Tuesday, January 27, 2009

Doctrine without Scripture?

Sometime ago I was reading the website of a Reformed Institution that had a page detailing its official views on justification. There is nothing at all wrong with saying where you stand on controversial issues. I could agree with some of the statements, some I could agree with if they were qualified, some I could not accept, and some were just flat out strange. But as I read this document with all of its assertions about justification, I noticed that it cited many catechisms and confessions but it did not cite Scripture even once in the entire document. This left me concerned and confused (that is PC for it scared the daylights out of me).

What role does Scripture have in Reformed theology? The approach taken in the anonymous document mentioned above is concerning because: (1) It replaces Scripture with the Confessions. (2) It makes the Confessions the mediator of Scripture. (3) It assigns, by implication, the authority of Scripture to the Confessions. (4) It turns the Confessions and its modern devotees into a new magisterium and thus undermines everything that the Reformers themselves fought against and even died for, the authority of Scripture in the life of the church: Sola Scriptura.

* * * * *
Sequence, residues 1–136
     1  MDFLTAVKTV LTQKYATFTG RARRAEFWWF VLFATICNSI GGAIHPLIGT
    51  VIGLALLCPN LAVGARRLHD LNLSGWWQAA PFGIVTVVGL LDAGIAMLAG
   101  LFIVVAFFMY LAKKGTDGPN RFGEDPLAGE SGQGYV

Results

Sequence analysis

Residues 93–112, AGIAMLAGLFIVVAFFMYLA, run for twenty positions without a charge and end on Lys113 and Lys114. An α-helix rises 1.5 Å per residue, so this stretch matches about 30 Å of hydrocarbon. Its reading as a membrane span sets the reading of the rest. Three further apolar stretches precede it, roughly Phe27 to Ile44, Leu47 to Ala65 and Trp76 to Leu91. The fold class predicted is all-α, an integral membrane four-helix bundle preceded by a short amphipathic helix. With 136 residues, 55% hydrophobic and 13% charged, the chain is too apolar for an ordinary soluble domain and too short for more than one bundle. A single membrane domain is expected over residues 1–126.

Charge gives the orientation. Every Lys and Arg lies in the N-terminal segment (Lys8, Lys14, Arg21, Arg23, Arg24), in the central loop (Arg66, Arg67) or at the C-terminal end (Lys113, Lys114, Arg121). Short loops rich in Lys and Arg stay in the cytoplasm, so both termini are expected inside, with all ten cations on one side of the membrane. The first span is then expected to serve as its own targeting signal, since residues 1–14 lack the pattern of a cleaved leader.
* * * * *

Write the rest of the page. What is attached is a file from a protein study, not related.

Let me head off two potential objections. First, that the Confessions are a summary of what Scripture teaches. Yes and No! The Confession constitute an attempt to summarize and systematize the teaching of Scripture. As such, I can happily sign my name on the dotted line underneath the WCF because I believe, all things being even, that it represents the mind of Scripture. However, the Confessions are also interpretations of Scripture by fallible human beings and they place Scripture in a theological framework also developed by human beings. Thus, they are one step removed from Scripture itself. To cite the Confession then is not the same as citing Scripture and neither should we ever presume to think so. Second, we all interpret Scripture in light of some tradition and there is no neutral perspective and no strictly biblicist approach to interpretation. I concede as much. The Confessions and Catechisms represent the fallible attempt of men and women to articulate the infallible truths of Scripture. The Confessions/Catechisms represent the mind of the Reformed Tradition. Tradition is a tool for reading Scripture. We should read Scripture in light of our Tradition, but we should also read Tradition in light of Scripture!

For those in the Reformed churches, I ask you, should we cite the Confessions rather than Scripture in our doctrinal forumulations? I say unto you: "nay" and "over my dead body"!

1. We have the example of the Bible itself where theological truth is defined by that which is "according to the Scriptures" (e.g. 1 Cor. 15.3-8) and theological truth is apprehended by being good Bereans and "searching the Scriptures" (e.g. Acts 17.11).